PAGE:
View from my room.
A steam engine marks the end of the Trans-Siberian Railway.
The first night there I stayed in a dusty-grey Soviet hotel. The crummy old room facing the rear of the building was pretty grim so I asked reception to move to a room with a seaside view.
‘Yes. Not today. We don’t have any rooms, but tomorrow,’ the receptionist told me.
‘OK, can you remember me?’
‘Yes, I know about you. I’ve read about you in the newspaper.’ she said.
‘Really? Here in Vladivostok?’
‘Yes, and in Khabarovsk, and I’ve seen you on TV and on YouTube. You are very famous.’
It always felt strange to hear this stuff, like people were talking about someone else, but it did add up. I was the only one out there on a bike in winter and, despite a good friends disappointment that I ‘can’t say [I] left at least a finger or toe in Russia’ I did survive it with out injury.
With winter behind me, one of the best things about making it to Vladivostok was the opportunity to offload my winter gear, which added up to 13 kg and a lot of bulk. That included a GPS, studded tires, snow shoes, arctic boots, down gear, head and hand wear, and a heap of winter woolies.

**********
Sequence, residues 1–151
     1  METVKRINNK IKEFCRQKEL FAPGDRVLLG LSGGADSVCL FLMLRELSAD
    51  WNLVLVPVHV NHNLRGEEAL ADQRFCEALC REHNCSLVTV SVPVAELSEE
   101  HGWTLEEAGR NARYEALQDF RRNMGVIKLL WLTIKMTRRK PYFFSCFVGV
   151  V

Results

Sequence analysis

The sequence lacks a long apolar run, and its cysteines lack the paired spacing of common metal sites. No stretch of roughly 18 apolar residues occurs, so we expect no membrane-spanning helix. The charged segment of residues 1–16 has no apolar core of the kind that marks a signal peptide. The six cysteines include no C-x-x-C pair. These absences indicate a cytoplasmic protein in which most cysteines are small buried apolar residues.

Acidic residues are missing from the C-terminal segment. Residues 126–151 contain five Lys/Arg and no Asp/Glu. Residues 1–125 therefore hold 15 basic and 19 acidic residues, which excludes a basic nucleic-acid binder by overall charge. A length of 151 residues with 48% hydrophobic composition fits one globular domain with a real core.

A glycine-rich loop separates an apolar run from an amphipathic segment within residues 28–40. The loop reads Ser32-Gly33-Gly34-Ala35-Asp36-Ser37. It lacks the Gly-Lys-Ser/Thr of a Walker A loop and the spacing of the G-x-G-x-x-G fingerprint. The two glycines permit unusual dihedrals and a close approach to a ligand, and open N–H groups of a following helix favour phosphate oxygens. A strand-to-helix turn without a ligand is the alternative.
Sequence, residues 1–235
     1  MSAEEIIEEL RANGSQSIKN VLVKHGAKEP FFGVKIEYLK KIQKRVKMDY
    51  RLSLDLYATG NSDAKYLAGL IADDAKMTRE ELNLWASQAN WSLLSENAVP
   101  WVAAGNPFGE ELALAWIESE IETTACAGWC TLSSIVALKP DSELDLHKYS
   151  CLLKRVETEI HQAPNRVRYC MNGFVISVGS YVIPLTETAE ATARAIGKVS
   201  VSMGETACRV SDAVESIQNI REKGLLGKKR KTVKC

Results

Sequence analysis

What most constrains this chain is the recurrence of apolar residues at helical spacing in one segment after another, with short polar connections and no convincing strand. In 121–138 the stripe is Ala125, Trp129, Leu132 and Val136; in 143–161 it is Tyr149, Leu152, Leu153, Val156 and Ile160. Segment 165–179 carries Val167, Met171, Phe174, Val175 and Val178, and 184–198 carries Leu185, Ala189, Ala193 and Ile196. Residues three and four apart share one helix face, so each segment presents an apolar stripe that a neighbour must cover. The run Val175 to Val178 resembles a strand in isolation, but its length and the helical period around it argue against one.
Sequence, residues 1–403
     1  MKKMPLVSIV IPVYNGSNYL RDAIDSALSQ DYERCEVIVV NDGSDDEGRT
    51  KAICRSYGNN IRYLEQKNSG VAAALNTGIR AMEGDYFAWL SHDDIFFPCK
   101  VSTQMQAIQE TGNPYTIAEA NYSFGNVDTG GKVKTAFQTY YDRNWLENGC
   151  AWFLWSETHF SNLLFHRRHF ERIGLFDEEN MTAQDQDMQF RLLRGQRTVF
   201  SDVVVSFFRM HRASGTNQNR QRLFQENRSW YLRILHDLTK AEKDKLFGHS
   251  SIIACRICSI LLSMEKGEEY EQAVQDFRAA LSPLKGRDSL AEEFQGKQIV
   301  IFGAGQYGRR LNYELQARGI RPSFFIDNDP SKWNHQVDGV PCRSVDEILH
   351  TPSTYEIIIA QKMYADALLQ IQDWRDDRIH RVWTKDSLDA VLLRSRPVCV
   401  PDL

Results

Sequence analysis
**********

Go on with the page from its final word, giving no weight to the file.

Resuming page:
This wasn’t all my winter gear, just the stuff worth keeping. Although I input the coordinates of the Tatar Strait crossing before leaving Japan—in case of whiteout—I never need to turn on the GPS, as the unseasonably clear days allowed for use of map and compass.
It should have cost $100 (economy) but Russia doesn’t allow postage of used items—that is by surface mail. However, for some inexplicable reason, it is possible to send used stuff express courier, thus a $300+ bill to send a box of smelly outdoor gear out of country. Of course, I considered dumping it but it would neither have been economically beneficial nor convenient for next winter to do so.